Arts Advocacy Update
The NEA recently announced more than $103 million in recommended grants for its second round of FY2023 grantmaking. Organizations in all 50 states and U.S. jurisdictions will carry out arts projects in three NEA funding categories: Grants for Arts Projects (GAP), Our Town, and State and Regional Partnerships. OPERA America congratulates its members and allies who secured grants for their performances and public programming.
GAP is the NEA’s largest grants program for organizations. Matching grants range from $10,000 to $100,000, and are recommended for organizations in all 50 states, Puerto Rico, and the District of Columbia. In July 2022, 1,927 eligible applications were received, requesting more than $98 million in FY2023 support. In this round, 1,129 projects are approved for funding, totaling more than $31 million. Project-based funding will support opportunities for public engagement with the arts and arts education, the integration of the arts with strategies that promote the health and well-being of people and communities, and the improvement of overall capacity and capabilities within the arts sector. The deadline for organizations interested in applying for the next round of Grants for Arts Projects is Thursday, July 6, 2023.
Our Town is the NEA’s creative placemaking grants program. Our Town projects advance local economic, physical, or social outcomes in communities, ultimately laying the groundwork for systems change and centering equity. Matching grants in this category range from $25,000 to $150,000 and support projects that will take place in 34 states. Of the 175 eligible applications, 57 projects are approved for funding, totaling $4,175,000. The deadline for organizations interested in applying for the next round of Our Town grants is Thursday, August 3, 2023.
Each year, approximately 40 percent of the NEA’s appropriated program funds are awarded for state and regional partnerships, specifically state arts agencies, regional arts organizations, and the national service organizations to support the work of the states and regions. In total, up to $67.9 million is recommended for these partners in FY2023, with up to $55.1 million of that total designated for state arts agencies.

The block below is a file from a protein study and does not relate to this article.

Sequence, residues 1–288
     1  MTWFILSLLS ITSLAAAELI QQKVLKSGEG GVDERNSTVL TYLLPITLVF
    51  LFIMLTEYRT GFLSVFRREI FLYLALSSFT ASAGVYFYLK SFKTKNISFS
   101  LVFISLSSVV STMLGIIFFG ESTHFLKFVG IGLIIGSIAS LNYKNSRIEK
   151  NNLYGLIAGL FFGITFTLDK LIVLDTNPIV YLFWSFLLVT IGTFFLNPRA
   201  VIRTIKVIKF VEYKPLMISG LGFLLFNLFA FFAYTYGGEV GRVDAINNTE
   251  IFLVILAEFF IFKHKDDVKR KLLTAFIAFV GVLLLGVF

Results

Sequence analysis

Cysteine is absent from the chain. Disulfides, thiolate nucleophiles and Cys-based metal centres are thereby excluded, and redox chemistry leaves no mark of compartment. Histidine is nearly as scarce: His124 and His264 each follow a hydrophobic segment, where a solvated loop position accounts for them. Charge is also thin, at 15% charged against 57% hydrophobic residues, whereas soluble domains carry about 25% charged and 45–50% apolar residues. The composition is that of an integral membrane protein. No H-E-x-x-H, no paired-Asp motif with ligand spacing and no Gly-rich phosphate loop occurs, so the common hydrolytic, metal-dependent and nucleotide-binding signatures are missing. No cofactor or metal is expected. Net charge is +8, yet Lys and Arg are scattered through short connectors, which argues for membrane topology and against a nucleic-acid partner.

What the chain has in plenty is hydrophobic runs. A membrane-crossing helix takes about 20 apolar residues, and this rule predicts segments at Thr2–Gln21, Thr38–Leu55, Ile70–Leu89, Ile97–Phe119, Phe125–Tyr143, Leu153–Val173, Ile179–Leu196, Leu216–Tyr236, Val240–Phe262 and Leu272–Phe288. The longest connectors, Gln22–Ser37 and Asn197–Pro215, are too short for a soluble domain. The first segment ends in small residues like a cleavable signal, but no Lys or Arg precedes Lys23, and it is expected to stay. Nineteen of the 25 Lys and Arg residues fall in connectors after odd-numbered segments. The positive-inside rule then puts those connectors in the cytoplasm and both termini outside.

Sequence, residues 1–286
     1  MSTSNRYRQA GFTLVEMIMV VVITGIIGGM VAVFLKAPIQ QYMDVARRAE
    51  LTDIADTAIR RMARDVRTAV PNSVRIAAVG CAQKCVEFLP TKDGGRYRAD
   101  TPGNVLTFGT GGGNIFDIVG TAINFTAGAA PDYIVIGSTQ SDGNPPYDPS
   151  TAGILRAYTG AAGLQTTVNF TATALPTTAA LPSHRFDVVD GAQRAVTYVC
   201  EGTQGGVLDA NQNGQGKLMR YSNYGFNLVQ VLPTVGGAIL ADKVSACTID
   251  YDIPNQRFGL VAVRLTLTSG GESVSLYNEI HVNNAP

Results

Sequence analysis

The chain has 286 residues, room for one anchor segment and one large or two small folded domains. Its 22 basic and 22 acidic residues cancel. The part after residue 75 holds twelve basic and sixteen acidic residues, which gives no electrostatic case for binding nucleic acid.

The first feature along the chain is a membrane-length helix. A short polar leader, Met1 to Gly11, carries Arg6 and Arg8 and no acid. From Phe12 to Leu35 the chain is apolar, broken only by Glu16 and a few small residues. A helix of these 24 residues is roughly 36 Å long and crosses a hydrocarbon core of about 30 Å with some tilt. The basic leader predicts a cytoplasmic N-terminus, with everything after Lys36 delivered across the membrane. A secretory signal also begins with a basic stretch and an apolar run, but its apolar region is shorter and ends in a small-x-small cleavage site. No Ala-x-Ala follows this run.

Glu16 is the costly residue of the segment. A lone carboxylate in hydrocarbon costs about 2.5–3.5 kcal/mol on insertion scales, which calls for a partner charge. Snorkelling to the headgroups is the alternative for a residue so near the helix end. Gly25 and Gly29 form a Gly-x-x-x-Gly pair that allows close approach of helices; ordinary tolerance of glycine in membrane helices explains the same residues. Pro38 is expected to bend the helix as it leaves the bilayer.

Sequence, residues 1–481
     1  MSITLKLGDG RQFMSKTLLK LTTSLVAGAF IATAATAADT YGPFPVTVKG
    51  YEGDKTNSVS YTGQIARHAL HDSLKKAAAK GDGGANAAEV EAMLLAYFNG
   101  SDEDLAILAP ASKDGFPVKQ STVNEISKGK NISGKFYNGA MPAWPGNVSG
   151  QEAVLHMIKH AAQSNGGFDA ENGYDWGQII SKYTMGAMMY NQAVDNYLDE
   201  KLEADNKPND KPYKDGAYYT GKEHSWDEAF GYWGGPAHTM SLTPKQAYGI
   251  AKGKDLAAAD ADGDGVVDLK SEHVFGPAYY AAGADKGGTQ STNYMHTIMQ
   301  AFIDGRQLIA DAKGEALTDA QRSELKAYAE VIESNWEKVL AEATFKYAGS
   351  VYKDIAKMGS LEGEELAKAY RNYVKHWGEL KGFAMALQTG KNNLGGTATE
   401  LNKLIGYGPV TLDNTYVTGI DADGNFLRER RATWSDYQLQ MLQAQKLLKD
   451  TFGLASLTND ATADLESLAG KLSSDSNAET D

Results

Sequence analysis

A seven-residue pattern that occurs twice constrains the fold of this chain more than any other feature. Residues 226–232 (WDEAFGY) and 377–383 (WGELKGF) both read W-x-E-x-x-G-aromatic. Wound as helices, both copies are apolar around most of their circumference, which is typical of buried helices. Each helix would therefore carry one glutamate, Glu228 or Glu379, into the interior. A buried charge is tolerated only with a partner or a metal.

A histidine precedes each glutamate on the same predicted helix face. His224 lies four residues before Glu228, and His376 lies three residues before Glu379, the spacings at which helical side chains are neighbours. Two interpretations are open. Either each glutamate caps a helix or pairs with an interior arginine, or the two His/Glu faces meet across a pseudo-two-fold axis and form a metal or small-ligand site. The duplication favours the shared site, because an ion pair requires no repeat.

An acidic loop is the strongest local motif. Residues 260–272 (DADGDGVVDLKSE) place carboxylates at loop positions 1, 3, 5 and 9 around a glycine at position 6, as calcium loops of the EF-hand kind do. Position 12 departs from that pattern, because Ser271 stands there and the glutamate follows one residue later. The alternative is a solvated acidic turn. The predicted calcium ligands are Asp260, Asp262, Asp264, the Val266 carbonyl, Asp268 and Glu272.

Visit arts.gov for all guidelines and application resources for NEA’s FY2023 grantmaking.
The president signed the Fiscal Responsibility Act of 2023 (H.R. 3746), which suspends the nation’s $31.4 trillion debt ceiling until January 2025. The U.S. will be able to continue to pay its current debt obligations. The law requires federal non-defense funding to remain flat for FY2024, commencing October 1, 2023, and be increased by 1% for FY2025. The law also requires the U.S. to claw back about $28 billion in unobligated pandemic relief funding that will be used to beef up non-defense spending. Congress provided $207 million to the NEA and the NEH for FY2023, and the president has proposed $211 million for both federal agencies for FY2024. Here is an NEA appropriations (funding) history. OPERA America is collaborating with its national arts organization partners to advocate for “at least” $211 million for both agencies and increased funding for additional federal arts and cultural-related agencies. OPERA America encourages its members and allies to urge their U.S. representatives and senators to support and pass increased funding for all federal arts and cultural-related agencies by using this action alert.
A U.S. District Court judge ruled on June 2 that a recently passed Tennessee law banning public drag performances is “unconstitutionally vague and substantially overbroad.” According to the Tennessee General Assembly (state legislature), the law, the Adult Entertainment Act SB 0003 (Public Chapter #2), “creates an offense for a person who engages in an adult cabaret performance on public property or in a location where the adult cabaret performance could be viewed by a minor.” The law defines an “adult cabaret performance” as a performance in a location other than an adult cabaret that features exotic dancers, and male or female impersonators who provide entertainment that appeals to a certain interest. The first violation is considered a misdemeanor with subsequent violations considered as felonies.
The Tennessee law is an example of anti-trans and anti-drag legislation being introduced in many states and passed in some states that attacks the LGBTQIA+ community, including restricting health care to transgender youth and prohibiting drag performances, which may affect the ability of opera companies to provide certain opera performances. OPERA America is working with its partners across the arts and cultural sector to track such legislation and to develop advocacy resources for use by its members and allies at the state and local levels of government.